Oct 082016 0 Responses

My 5 Favorite Moments at Community Bible

Sunday night the church where I pastor will celebrate its 20th anniversary. I haven’t been there the whole time–I missed the first meeting. But I made the second worship service and have been involved ever since. While I wasn’t able to be active while in graduate school, the day after I graduated Jenny and I moved home and began working at the church.


Over the years there have been many great memories. I’m often struck at how fortunate we are to be a part of such a loving and kind group of people. Whenever others mock or trash a church, I listen with pity because I realize what they are describing in no way matches my experience with church. (See: Church Work–Devils, Doorbells, and Ding-Dongs)

In reflection of this anniversary, I have been considering my favorite moments during my 15 years as a pastor at the church and a few years of attending.

Here are the top five.

Top 5 Moments

5. February 2003. I’m not a big risk-taker, but in the winter of 2003 I took a risk. We wanted to host an appreciation night for our volunteers and I had the idea to do improv. I didn’t think our material would be overwhelmingly funny, but I thought us attempting to be funny would be funny for those who knew us well. I was scared to death the evening would totally fail. There is no worse feeling than the first few minutes of a 40-minute presentation when you realize your idea is a bust. Thankfully, this idea worked. Many people said it had been a long time since they laughed that hard. Nearly a decade and a half later, people still talk about the evening. But they don’t talk about it enough to convince me to try it again. (See: Warning–Objects in the Pulpit Appear Holier Than They Are)

4. Spring 1997. Five years before I joined the staff at Community Bible, I preached my first sermon with the congregation. On many occasions between high school and graduating seminary I preached, but my first sermon is one of my favorites. Not only did the sermon go well, but it was the first time where I realized the fun and excitement which goes with a growing church. I preached many more times at Community before being hired, but I think that first sermon was the most important one. (I still remember my opening joke. I took off my watch and said, “A preacher taking off his watch is like a Tennessee football player walking into a library. It looks important, but means nothing.”)

3. Christmas Eve 2014. My favorite service every year is Christmas Eve. Growing up, we never attended a Christmas Eve service because we had family obligations, but when we moved back, Christmas Eve became a tradition. It’s become my favorite. Each year as the service is over and as people leave the worship center to head to their cars, they do so with a deep sense of appreciation and love. This was the last year we did only one Christmas Eve service at the campus where I regularly preach. We knew we needed more than one service, but we didn’t want to change the tradition so we put chairs everywhere. There were chairs so close that some people actually propped their feet on the stage. The place was packed. I’ll never forget that Christmas Eve.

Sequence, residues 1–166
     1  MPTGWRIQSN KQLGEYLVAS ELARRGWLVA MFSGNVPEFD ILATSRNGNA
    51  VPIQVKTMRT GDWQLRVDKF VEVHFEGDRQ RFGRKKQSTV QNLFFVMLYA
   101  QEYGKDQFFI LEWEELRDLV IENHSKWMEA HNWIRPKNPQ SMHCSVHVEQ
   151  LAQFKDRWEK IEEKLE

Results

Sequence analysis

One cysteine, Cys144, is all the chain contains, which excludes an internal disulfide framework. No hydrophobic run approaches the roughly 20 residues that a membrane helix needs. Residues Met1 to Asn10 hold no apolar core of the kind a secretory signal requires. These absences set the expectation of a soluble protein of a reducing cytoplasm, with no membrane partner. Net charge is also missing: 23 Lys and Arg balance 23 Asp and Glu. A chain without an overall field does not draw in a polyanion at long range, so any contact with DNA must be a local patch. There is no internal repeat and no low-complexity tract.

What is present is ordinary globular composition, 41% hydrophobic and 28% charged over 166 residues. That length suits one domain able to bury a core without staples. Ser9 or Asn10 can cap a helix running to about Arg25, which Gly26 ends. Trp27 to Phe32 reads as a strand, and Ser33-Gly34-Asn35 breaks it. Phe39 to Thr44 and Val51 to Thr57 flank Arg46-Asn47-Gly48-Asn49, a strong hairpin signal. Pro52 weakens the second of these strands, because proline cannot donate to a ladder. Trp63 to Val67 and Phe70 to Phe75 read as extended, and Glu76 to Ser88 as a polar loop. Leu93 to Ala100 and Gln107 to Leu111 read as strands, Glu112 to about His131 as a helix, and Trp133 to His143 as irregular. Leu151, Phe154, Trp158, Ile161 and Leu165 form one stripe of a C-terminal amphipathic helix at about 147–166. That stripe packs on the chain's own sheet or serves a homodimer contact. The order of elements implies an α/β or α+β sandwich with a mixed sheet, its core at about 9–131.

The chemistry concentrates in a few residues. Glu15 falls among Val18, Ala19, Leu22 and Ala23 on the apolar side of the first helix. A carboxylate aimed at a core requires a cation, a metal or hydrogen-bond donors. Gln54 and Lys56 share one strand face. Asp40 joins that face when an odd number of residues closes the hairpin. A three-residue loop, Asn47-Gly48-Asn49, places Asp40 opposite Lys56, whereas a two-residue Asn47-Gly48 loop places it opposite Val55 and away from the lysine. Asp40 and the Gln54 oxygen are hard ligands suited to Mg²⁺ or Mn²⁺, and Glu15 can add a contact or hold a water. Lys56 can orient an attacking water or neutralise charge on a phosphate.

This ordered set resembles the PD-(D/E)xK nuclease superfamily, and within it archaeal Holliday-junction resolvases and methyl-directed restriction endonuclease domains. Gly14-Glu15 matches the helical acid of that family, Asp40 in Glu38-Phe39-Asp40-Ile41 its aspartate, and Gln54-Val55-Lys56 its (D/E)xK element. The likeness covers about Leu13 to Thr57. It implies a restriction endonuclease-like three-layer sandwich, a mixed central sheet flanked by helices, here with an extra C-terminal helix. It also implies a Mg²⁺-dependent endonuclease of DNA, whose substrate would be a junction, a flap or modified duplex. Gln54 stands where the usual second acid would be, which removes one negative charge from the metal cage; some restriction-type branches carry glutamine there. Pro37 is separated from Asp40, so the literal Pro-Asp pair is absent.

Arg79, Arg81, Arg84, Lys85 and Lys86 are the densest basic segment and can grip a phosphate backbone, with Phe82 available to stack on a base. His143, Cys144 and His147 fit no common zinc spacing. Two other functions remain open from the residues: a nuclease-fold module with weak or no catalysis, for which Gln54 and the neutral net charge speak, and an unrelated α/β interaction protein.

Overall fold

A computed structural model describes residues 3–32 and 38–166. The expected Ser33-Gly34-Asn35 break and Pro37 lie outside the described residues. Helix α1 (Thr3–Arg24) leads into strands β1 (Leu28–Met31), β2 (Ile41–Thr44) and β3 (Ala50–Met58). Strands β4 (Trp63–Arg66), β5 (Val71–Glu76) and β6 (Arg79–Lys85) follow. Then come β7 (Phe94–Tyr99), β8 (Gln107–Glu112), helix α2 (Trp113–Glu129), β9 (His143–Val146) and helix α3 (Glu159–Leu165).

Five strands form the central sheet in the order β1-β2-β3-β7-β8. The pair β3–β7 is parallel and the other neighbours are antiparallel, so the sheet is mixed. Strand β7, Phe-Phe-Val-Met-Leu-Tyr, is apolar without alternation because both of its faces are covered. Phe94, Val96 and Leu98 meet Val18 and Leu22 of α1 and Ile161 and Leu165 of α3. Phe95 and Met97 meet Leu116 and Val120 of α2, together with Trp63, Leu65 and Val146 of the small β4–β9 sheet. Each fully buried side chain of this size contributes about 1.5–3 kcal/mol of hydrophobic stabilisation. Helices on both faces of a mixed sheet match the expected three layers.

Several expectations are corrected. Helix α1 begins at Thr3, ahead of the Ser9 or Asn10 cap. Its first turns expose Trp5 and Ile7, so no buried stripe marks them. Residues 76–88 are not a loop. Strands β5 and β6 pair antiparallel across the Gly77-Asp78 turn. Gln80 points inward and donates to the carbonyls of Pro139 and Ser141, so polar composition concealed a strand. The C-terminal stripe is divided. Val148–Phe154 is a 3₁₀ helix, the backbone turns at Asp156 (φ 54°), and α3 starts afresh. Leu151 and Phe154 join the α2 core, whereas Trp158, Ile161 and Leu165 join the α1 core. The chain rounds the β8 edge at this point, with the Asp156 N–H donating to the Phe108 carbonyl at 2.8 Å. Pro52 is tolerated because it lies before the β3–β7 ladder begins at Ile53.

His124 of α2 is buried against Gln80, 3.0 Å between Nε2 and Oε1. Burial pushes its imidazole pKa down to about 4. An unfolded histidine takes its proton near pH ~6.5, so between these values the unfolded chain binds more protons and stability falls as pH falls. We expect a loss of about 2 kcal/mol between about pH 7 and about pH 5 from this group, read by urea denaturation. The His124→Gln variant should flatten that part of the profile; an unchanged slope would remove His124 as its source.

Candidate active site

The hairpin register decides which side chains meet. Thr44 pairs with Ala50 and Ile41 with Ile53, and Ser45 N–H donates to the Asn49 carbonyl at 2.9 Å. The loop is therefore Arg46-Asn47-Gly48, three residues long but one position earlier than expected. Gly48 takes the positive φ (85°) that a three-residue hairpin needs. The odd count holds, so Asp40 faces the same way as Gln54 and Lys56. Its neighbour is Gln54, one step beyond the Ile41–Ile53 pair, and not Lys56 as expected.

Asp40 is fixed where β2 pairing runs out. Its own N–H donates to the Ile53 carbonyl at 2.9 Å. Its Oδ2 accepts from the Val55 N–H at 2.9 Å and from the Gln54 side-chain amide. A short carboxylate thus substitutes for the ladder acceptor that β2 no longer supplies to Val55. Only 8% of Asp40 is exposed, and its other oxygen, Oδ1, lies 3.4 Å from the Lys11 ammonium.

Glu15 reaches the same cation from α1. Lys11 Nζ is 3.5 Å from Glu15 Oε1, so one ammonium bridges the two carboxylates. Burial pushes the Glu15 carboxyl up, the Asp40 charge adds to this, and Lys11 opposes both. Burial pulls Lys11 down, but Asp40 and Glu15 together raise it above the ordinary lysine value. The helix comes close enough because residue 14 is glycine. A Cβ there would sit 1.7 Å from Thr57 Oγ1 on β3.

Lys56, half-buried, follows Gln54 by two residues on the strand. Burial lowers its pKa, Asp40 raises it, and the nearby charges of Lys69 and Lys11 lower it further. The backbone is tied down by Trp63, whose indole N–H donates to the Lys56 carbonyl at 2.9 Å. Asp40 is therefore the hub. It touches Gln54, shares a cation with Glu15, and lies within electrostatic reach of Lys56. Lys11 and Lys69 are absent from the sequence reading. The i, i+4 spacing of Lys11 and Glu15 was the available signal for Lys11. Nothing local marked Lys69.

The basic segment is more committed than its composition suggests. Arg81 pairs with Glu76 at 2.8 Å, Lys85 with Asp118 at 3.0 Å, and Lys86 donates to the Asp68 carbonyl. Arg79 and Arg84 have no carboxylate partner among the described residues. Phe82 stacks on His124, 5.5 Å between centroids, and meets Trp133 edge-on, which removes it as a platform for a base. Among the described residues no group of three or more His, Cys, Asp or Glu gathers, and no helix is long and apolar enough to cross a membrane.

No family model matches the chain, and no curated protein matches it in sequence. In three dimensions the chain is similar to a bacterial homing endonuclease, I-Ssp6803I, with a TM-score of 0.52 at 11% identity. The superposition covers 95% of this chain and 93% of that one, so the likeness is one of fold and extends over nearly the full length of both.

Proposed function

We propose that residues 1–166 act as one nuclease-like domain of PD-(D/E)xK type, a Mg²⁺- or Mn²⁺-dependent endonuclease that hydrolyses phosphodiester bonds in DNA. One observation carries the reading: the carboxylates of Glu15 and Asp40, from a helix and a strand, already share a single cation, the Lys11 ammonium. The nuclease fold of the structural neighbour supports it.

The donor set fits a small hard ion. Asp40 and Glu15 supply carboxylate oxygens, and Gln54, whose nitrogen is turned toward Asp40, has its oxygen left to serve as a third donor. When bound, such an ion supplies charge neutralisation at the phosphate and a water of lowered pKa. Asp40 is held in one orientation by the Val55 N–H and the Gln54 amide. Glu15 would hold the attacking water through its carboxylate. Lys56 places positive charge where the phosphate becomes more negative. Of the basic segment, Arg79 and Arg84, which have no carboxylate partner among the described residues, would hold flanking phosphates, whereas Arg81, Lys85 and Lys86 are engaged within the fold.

img_40832. July 2005. One would think that favorite memories are the happiest memories, but that’s not necessarily the case. On July 1, 2005 Ella was born. The church was almost as excited about Jenny’s pregnancy as we were. I’ll never forget telling the church Jenny was pregnant. They loved us well during that time. But when Ella was born and the diagnosis came, no one knew how to react. After taking a couple of weeks off, I returned to the pulpit. In that sermon, I reflected on the love they had shown, wrestled with what God might have planned for us, and communicated how we should all move forward. It was a meaningful time and it made clear to me that the pastorate is most meaningful during difficult times. (See: On Faking Communion and a Prescription to Drink)

1. Unspecified. One of the most unique aspects of the pastorate is that many of the success stories can never be told. Some of my favorite days aren’t even known by my wife. A couple comes into my office and their marriage is all but over. After a lot of work, they not only save the marriage but make it thrive. Their kids will never know how close their parents were to divorce. Every month, there are days in which the pastorate puts me in contact with people during their worst moments. On some of those occasions, I can clearly see why I do what I do. Those are great days even if the specifics will never be known.

The pastorate isn’t always fun. It can be exhausting at times. However, I am regularly amazed at the kindness and generosity of so many as we do life together.

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